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CCS trying best to plan for school year despite changing guidance from state
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CCS trying best to plan for school year despite changing guidance from state

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Board of Education Meeting

The Cabarrus County Board of Education met remotely for a meeting Thursday.

With year-round schools slated to start next month in the county, officials with Cabarrus County Schools are doing all they can to figure out exactly what to do going forward despite constantly changing guidance from the state.

Gov. Roy Cooper announced Wednesday that Phase 2 was extended an additional three weeks, to July 17, and masks are now required in public as of 5 p.m. Friday due to the concerning uptick in positive COVID-19 cases across North Carolina.

This had an unintended ripple effect, which put year-round schools, such as Wolf Meadow Elementary in Cabarrus County, in a minor state of limbo. The administration has not done much to ease the uncertainty either, as Superintendent Chris Lowder detailed the conflicting guidance the district has gotten within the last week at Thursday’s Board of Education meeting.

“The governor said (Wednesday) everybody starts wearing a mask in public starting (Friday), but then the qualifier was that if you’re 11 or under you don’t have to wear a mask, which would obviously have implications for school,” Lowder said. “We also have heard in the last week that only eight students would be allowed to ride per bus, which is almost 10 percent of what we have on a maximum now, but we were also told this week … no, we’re going to let that run with 24 students on a bus.

“Within the last 48 hours, we’ve heard: masks, no (masks). So if we follow what we know now, kids don’t have to wear a mask, but if they’re going to ride a bus, they do have to wear a mask if 24 are going to be on there.

“That doesn’t mean this is anybody’s fault, we’re just saying all of that information floating around, we’ve got to have enough time to get that digested and make a plan.”

Lowder said a concern now in the state is schools that are year-round, such as Wolf Meadow, will not be year-round this year because of the current phase North Carolina is in.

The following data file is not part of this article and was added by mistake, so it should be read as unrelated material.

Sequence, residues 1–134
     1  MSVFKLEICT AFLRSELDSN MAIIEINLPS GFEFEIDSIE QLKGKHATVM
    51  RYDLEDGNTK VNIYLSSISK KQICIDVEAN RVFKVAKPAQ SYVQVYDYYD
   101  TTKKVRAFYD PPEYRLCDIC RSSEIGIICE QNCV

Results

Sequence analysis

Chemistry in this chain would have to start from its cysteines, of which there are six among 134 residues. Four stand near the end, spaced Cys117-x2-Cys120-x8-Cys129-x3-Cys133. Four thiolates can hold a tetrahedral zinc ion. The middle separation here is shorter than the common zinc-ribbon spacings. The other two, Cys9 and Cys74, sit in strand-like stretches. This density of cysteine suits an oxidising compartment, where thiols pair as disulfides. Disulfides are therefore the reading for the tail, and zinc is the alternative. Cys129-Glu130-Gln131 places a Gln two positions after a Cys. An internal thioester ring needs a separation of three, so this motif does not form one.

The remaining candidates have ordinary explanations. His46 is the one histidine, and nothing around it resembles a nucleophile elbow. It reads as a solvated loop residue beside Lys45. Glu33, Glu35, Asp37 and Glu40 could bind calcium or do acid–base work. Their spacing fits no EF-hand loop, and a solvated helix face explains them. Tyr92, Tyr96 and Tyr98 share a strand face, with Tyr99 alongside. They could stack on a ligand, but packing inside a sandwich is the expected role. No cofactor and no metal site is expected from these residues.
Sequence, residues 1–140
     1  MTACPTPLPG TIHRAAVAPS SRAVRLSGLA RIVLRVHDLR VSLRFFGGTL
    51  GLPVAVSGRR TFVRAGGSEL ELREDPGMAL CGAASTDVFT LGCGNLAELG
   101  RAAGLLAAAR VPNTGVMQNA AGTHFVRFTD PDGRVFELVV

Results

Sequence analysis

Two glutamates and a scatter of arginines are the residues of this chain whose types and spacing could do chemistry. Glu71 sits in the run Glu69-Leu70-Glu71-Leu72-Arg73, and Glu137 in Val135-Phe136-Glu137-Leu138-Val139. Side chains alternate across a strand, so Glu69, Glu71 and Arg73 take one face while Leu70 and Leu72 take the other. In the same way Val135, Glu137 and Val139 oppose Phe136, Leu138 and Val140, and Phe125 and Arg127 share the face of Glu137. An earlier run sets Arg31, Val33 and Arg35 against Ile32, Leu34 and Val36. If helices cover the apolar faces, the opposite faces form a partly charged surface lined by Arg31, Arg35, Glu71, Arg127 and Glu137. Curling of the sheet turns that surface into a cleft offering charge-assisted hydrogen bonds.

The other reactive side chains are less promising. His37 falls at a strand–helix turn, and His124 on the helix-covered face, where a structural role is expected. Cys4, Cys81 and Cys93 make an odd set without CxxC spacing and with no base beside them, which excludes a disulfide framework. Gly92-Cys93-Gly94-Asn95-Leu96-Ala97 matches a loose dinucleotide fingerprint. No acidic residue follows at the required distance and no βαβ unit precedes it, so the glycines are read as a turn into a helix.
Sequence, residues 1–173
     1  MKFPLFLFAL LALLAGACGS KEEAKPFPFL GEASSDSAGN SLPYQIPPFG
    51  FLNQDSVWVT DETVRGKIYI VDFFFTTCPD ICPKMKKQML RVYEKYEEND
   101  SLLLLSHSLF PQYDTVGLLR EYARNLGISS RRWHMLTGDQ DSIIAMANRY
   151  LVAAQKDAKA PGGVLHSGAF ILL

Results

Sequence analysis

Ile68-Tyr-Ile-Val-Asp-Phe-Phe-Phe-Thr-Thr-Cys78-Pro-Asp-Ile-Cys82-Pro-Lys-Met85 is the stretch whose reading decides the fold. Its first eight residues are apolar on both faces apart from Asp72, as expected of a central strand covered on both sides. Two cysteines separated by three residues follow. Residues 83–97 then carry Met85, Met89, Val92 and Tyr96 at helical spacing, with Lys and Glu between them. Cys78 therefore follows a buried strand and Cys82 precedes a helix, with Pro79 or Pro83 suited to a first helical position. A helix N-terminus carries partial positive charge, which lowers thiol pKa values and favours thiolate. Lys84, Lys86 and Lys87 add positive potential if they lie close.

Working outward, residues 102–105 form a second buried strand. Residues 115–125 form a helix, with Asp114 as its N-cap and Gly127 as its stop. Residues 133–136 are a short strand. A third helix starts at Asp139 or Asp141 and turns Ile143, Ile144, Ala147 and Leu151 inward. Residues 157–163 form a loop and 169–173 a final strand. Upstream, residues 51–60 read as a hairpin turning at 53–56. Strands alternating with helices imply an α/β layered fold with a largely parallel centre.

Year-round schools would have to be up and ready to go within three to four weeks if they wanted to run on their normal schedule.

“We’re certainly doing everything we can to analyze our plans and Wolf Meadows’, but (we) obviously have some concerns with starting up a school still in Phase 2, and the rules changing so quickly every day,” Lowder said.

“So as soon as we know what those plans are, obviously when the governor releases it Wednesday, then we’re going to start trying to release our plans, but we don’t want to say, ‘Oh, we’re going to do X,’ and then have to change it because the plan changed.”

Cooper will speak with schools July 1 and inform them what phase they will be in moving forward.

There are three possibilities, according to Lowder:

A. Everybody comes to school like normal.

B. Some students come to school and some work remotely. (Maximum 50 percent of students on campus at one time)

C. No one comes to school and everything is remote.

“We are trying to comply with those and figure out the plans, but to be quite honest, they change quite a bit,” Lowder said.

As of right now — and this has not changed as of yet — athletic teams for high school fall sports and bands will be allowed to return to campus for voluntary workouts beginning July 6.

“All workouts will be conducted keeping the health and safety of our student athletes and staff in mind and in compliance with the North Carolina High School Athletic Association’s (NCHSAA) Reopening of Sports/Activities Summer Guidelines and guidance from the Cabarrus Health Alliance,” the district wrote in a June 8 news release.

However, since that was announced, things have changed. The state had just entered Phase 2 and was a couple of weeks into slowly reopening June 8, but COVID-19 cases have spiked across North Carolina and the nation over the last three weeks, forcing many states to re-evaluate their plans.

CCS will know more about what to do July 1 when speaking to Cooper, but for now, the district is in a wait-and-see mode.

“Right now what we do know is the face masks came in, and Phase 2 is extended through July 17,” Lowder said. “And we know that the governor will tell us which one of those three phases on Wednesday.

“As soon as we have that decision, then we’ll roll out our plan as soon as possible.”

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